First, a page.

Classes are filling fast so send us an email or give us a call by Tuesday 2nd August and we will book you in…

For further information contact  Lisa at lisa@lisahogben.com or 0458 727 324. 

This is Mike Bowers and he is the quintessential GoPro!

The shot has been taken on a GoPro system but Mike is also one of the most notable photojournalists that Australia can lay claim to and a Pro in every sense of the word. So much so that even this ski self portrait is perfectly composed!

Mike’s biography is more than impressive…As a photojournalist his development  started out with 14 years in the Press Gallery in Canberra covering five Federal election campaigns and accompanying 3 Prime Ministers on various national and international trips and extended to include tours of duty in conflicts in Cambodia, Kosovo, Bougainville, PNG and The Middle East. He was Pictorial Editor for the Sydney Morning Herald from 2001-2008. Mike was also Chief Photographer for The Sydney Morning Herald before becoming freelance.

Mike is a regular commentator on ABC radio and the host of Talking Pictures on Insiders which airs on ABC 1 and NEWS 24 on Sunday mornings.

He has published 3 books, “Gallipoli Untold Stories, The Big Picture”, “175 Years of The Sydney Morning Herald” and “A Century of Pictures, 100 years of Herald Photography”. He is in the Final stages of his fourth book, “Armageddon, Trouble On A Faded ANZAC Trail” a joint venture with journalist Paul Daley.

So while the GoPro system is easily accessible to most consumers today it takes a master of their art to create a shot as well balanced as this one….Nice to see Mike GoPro!

This a photograph of Bruce Easton from Wilderness Sports crossing the source of the Snowy River that made the front cover of TIME South Pacific in 2007. Bit of an achievement really as I suspect not too many Australian photographers have had their work selected for the front cover of TIME twice.

But this shot, as with the other front cover image that was published, “Australia Says Sorry’ (the story about the Australian people’s Apology to the Aboriginal people) are about things that have been dear to my heart for a very long time. Watch out for the Weekend Australian Magazine this Saturday in ‘The Heart Of The Nation’ section which features another one of my photographs of another local Snowy Mountains character. Thats the best way to shoot photographs … from the heart.

My enduring love for the Snowy Mountains has today become even stronger… when I looked out my window and saw how perfect a day it is, something like the day that this photograph was taken on and realised how incredibly blessed I have been to be able to enjoy the benefits of the area. How healthy and magnificent is this life style.

But life, like the mountains gives and it takes away and today I am deeply saddened by the passing of one of my friends on the weekend from cancer. Its tragic as she leaves behind a six year old child whom she dearly, dearly loved. All I can do is look at those beautiful white peaks and pray that heaven is a place like this one.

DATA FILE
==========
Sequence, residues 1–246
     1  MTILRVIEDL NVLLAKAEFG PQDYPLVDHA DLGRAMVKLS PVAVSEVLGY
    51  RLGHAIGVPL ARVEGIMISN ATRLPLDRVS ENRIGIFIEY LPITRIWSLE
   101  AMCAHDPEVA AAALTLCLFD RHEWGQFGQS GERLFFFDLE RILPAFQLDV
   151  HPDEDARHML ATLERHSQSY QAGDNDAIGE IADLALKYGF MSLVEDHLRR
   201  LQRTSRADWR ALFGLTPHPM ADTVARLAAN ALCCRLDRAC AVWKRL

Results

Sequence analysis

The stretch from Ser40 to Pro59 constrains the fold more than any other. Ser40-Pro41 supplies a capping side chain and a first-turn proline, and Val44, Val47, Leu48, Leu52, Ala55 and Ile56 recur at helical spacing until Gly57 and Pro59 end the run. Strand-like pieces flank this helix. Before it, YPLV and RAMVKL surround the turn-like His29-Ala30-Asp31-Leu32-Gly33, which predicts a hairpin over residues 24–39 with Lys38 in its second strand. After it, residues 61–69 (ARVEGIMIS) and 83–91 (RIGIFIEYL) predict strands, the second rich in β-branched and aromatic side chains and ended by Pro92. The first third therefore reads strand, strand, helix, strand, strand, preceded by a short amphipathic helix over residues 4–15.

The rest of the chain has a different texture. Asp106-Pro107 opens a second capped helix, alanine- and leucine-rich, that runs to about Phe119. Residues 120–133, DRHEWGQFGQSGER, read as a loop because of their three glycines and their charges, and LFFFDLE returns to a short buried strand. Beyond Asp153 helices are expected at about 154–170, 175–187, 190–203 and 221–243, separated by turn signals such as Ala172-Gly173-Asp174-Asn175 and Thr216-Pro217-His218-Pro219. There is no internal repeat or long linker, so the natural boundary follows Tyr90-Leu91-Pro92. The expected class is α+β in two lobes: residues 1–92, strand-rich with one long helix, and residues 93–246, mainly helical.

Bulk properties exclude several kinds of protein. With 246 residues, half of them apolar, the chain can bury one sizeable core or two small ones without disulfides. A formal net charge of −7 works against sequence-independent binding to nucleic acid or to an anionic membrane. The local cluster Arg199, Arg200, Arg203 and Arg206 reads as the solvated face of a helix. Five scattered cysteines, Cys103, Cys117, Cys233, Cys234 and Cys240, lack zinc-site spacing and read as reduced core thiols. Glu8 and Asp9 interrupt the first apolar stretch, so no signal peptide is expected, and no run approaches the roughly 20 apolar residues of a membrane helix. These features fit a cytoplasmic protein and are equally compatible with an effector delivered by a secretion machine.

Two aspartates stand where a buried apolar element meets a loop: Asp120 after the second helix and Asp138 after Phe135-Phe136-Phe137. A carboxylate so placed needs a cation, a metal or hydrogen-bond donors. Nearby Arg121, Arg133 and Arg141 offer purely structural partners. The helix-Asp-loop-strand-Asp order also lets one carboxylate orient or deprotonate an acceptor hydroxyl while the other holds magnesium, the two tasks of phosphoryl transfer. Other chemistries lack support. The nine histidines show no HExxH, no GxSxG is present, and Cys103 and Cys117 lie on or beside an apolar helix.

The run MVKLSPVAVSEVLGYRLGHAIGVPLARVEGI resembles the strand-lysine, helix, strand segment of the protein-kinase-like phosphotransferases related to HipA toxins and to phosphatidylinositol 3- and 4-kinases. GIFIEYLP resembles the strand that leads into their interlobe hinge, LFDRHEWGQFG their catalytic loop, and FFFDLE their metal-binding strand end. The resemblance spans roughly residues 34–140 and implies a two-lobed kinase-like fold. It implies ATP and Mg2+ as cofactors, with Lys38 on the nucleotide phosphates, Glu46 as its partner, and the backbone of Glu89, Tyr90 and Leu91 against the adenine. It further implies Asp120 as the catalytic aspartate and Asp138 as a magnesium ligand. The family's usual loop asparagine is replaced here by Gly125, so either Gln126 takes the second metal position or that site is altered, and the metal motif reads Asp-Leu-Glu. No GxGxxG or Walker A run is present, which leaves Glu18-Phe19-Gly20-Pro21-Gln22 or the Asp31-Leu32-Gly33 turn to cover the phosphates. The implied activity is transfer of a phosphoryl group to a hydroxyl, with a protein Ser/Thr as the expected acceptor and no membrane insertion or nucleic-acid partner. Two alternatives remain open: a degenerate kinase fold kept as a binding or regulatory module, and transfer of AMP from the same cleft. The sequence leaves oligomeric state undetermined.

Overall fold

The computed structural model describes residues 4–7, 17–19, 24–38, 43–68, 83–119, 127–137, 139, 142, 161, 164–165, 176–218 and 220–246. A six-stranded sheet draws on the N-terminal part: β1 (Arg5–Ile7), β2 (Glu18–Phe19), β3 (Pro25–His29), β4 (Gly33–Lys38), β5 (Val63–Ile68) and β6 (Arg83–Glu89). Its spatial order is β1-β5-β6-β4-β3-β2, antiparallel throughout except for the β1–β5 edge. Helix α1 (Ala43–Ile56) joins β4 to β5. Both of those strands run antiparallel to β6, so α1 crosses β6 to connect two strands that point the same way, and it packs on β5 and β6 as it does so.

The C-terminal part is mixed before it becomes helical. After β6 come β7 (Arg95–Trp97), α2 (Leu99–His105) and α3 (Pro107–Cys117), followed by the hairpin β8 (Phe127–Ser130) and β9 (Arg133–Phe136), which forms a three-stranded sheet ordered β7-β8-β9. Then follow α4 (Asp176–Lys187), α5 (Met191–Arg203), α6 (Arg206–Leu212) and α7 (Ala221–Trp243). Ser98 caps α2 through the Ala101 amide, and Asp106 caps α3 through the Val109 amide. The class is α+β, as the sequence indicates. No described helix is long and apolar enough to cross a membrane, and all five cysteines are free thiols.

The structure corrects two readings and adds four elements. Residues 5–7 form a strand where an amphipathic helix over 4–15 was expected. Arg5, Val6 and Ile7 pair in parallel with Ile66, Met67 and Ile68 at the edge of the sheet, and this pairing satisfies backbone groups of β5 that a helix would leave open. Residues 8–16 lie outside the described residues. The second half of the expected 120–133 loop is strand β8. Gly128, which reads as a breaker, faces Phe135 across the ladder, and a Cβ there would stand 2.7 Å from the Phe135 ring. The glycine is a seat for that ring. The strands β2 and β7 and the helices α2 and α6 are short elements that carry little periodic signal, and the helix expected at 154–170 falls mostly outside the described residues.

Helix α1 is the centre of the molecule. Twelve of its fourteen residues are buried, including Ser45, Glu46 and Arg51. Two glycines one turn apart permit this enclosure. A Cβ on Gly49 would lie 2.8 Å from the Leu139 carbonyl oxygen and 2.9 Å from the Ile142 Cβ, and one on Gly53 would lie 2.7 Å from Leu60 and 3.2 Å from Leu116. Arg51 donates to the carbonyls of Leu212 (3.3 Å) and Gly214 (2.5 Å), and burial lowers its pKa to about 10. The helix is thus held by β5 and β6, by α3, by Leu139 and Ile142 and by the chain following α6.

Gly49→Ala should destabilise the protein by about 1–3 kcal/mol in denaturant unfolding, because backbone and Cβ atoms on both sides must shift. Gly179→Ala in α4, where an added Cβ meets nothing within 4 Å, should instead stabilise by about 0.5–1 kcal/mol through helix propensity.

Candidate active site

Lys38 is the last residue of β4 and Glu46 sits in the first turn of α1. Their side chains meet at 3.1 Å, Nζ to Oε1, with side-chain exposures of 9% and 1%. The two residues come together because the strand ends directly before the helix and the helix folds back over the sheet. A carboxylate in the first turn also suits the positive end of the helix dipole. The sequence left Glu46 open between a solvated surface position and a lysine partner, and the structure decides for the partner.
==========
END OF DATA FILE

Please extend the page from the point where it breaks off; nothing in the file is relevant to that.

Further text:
So to you Jules… I hope that everyday from now on is a day like today for you… Goodbye my friend… You are always in my heart…

This is a photograph of Seamans Hut of a night time and is one of my favorite images that I shot for a TIME Magazine Special Edition in 2007. It wasn’t published with that story but I have a print of it on my wall that never fails to remind me of the incredible beauty and awesome power of the Snowy Mountains.

Seamans Hut was in fact built in 1929 as a memorial to a skier, Laurie Seaman and his friend Evan Hayes who both lost their lives in a wild turn of weather on the peaks of Targangil (Targangil is the Ngarrigo Aboriginal name for Mount Kosciuszko). And while this image always makes me think of a benign nativity scene, there is no mistaking the potency of the reason for the construction of Seamans Hut.

Yet it is this paradox, between the sweetness of the image and the savageness of the terrain that gives this image its depth. When a photographer picks up their camera and points in a certain direction I believe it is important to comprehend what it actually is that they are looking at. Everyone has a camera now days… so what defines the ‘Art’ of photography as opposed to just more visual wallpaper? And why is photography one of the most commonly used languages in the world?

At ‘Its A Hard Life’ we would love to hear your thoughts on this. What is it that creates that indefinable difference between just a photograph of  something and something more? Have you got a photograph that truly describes the essence of something in the Snowy Mountains? If so we would like to see it and put you in the running for a free place in a one day workshop or private photographic lesson in September in the Snowy Mountains.

To enter, simply upload your photograph to the Flickr Group ‘Its A Hard LIfe’ (access by clicking the icon on the left hand side of the page) clearly marked with the image title and your photo credit. Then send us an email with your contact details and if we decide to publish it we will get in touch and do a short interview with you.

Closing date is the 1st September so get your photos in now. The judging panel will be drawn from the editorial committee of Photojournale and this competition has NO copyright restrictions and NO entry fee.

For further information on the upcoming Photographic Workshops please have a look at our Photographic Workshops From Beginners To Masterclass page.